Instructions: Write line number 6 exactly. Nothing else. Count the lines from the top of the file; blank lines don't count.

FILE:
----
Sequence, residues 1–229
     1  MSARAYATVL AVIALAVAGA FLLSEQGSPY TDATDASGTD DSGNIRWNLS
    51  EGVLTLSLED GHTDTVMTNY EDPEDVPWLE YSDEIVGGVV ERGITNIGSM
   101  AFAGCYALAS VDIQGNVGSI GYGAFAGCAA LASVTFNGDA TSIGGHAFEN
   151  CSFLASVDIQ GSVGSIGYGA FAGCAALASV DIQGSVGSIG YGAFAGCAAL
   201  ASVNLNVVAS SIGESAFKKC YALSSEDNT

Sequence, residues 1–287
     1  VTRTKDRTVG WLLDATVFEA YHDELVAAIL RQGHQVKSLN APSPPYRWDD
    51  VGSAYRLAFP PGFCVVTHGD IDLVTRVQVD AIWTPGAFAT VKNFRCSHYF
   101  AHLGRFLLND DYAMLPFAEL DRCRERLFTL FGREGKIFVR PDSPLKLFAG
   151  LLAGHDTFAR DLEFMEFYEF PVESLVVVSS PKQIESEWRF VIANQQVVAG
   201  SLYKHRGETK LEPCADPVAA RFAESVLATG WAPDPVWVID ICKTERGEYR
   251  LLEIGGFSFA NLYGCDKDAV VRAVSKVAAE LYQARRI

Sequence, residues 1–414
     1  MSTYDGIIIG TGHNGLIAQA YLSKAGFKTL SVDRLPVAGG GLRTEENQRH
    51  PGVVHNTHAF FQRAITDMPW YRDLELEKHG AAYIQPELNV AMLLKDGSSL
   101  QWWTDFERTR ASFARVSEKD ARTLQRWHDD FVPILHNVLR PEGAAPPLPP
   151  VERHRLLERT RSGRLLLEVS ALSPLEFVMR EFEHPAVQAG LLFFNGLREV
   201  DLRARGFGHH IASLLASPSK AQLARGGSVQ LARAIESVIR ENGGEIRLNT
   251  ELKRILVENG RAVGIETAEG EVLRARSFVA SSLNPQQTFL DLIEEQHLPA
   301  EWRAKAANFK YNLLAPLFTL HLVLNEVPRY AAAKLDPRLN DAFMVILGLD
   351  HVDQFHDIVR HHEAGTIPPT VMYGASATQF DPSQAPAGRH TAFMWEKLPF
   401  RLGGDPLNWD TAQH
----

   201  ASVNLNVVAS SIGESAFKKC YALSSEDNT